The Creative Process
You know Kibuishi nailed it when he said: “Creative process: 1) This is going to be awesome 2) This is hard 3) This is terrible 4) I’m terrible 5) Hey, not bad 6) That was awesome”
You know he nailed it because it received over 7,600 retweets and over 4,600 favorites. And you know he nailed it because you personally have felt the same in any creative endeavor you’ve attempted. It seems to be true for any skill in art or performance. It seems to be true for any knowledge in a domain or trade.
If you’ve ever tried then you know it’s true for learning to program.
This is going to be awesome
I’ve had countless friends and colleges come to me and ask me how I did it. They say: “It would be so cool to learn how to make iOS apps. I have to take some time to learn. I wish I was there.”
Most people never even have that inclination. They don’t ever find themselves thinking “how cool would it be if”. If you’re here, you’re already a step ahead.
This is hard
It’s hard to even take the time to sit down and attempt to learn. We all say we’re going to write more. Or design more. Or take more pictures. When you plan to learn some new skill it’s hard. It’s hard to find time and it’s hard to get it right.
It’s impressive when you finally do it because of the millions of people that chose to watch Breaking Bad while you were breaking your app.
This is terrible
Yup. You heard me: breaking your app. Because whatever you are trying to build, it sucks. It isn’t very good. We’ve all been there. And when you are pushing the boundaries of your skill something is going to break.
I have clients and co-founders ask me frequently for an app portfolio. I don’t even want to show them half of it. Why? Because it’s terrible. You remember the Ira Glass quote:
All of us who do creative work, we get into it because we have good taste. But there is this gap. For the first couple years you make stuff, it’s just not that good. It’s trying to be good, it has potential, but it’s not. But your taste, the thing that got you into the game, is still killer. And your taste is why your work disappoints you.
Your work sucks for now. You know it. And I know it.
There is a risk is that you’ll to start thinking it’s you that sucks instead of just your work.
You think it’s you. And then as Glass points out, “ A lot of people never get past this phase, they quit.” They quit because even a good artist can see that what he’s building is terrible and start to think of himself as terrible.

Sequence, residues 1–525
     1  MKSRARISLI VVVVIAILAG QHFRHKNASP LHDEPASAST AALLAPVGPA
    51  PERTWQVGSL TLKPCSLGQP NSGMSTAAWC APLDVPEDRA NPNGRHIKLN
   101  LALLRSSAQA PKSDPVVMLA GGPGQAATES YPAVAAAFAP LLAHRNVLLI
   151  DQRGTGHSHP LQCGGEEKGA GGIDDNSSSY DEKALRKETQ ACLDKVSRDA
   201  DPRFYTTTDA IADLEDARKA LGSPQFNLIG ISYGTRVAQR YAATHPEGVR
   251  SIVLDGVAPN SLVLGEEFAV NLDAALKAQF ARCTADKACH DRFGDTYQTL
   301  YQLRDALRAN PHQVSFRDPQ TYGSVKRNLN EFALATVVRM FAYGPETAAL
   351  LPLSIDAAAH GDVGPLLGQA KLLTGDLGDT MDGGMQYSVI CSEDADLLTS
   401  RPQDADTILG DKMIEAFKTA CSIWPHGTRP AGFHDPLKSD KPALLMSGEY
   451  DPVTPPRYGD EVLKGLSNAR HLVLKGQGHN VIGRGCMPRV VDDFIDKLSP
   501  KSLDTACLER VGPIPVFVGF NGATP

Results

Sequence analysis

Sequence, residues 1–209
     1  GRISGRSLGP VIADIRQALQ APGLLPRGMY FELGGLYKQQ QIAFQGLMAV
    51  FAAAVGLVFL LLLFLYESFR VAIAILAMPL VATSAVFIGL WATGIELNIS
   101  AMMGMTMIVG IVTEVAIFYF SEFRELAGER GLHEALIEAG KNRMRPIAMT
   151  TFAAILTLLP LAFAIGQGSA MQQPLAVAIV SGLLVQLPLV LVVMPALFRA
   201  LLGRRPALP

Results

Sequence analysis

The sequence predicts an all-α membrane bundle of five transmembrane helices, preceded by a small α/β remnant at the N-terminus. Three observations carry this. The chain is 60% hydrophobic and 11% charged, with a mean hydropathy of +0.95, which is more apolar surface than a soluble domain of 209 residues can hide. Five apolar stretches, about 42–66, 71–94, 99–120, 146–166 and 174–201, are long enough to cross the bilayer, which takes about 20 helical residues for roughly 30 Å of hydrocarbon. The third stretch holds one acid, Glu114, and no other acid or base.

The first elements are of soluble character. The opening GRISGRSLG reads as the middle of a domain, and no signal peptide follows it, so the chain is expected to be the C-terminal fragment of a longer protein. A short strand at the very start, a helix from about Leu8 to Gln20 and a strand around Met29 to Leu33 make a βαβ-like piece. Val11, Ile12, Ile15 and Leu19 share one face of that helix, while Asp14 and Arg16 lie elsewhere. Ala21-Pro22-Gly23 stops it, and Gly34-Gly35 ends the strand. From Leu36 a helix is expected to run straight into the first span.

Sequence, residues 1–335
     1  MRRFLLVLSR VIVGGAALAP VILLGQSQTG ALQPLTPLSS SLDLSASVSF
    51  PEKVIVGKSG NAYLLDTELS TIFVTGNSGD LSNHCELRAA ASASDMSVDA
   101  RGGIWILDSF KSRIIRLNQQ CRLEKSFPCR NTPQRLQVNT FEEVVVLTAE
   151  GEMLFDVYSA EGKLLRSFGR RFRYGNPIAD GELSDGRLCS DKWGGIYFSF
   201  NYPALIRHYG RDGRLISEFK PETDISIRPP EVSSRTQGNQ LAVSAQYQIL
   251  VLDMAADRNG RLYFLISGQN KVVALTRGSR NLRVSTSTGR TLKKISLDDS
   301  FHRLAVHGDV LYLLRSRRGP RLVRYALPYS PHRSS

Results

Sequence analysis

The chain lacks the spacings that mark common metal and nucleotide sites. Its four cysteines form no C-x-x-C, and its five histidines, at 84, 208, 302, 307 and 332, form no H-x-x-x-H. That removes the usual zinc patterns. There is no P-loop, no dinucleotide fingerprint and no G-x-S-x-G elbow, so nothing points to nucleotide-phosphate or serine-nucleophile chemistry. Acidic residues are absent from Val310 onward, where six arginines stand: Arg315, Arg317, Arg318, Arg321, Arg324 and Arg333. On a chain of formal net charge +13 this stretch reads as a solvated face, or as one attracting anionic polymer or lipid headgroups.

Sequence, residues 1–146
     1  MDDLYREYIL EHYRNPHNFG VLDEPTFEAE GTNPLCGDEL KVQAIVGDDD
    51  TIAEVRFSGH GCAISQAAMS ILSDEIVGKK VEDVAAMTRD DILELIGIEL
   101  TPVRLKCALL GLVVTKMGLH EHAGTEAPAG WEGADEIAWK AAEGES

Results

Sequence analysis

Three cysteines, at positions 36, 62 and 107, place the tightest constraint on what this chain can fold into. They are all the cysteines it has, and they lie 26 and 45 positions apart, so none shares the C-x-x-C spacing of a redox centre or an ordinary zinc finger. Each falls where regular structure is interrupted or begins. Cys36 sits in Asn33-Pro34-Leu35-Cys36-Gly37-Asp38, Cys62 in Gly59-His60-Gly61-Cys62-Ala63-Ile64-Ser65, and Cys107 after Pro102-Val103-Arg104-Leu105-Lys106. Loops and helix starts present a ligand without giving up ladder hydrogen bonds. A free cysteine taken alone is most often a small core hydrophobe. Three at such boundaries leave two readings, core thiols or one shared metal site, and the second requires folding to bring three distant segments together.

You’re not terrible. You just need to keep going. Build a ton. Write a ton. Take a ton of pictures. Eventually you’ll start to see that glimmer of hope that you don’t suck.
Hey, not bad
This time will come soon. You’re going to get to the big #5 in Kibuishi’s list. This is when the world opens up to you.
Then you get to the point that you start solving problems on your own. You start smoothing the edges of the work you’re creating. You start doing something that’s completely yours.
More importantly you start feeling proud of your work. It’s something you feel like you can share. This is where the flywheel starts working.
When you share with others you’re going to learn and grow even faster. So as you start to feel good about your code and share it with others you’ll start to get some amazing feedback and advice from people you respect.
That was awesome
I had an amazing designer pull me aside yesterday and show me something cool in an app. It was small but it was really well done. He asked me: “how did they do that? What do you need from me so that we can do that?”
You’ll get to this point. Someone is going to look at your app and say: ‘how did you do that?’ Heck, you’re going to look at your app and say: ‘how did I do that?’
Over and over
We all go through these steps every time we push ourselves to be something more. I can’t tell you how many times I’ve gone through all 6 as I learned to code.
In the end it’s simply about growing. I want to say “That was awesome” as many times as I can in one life.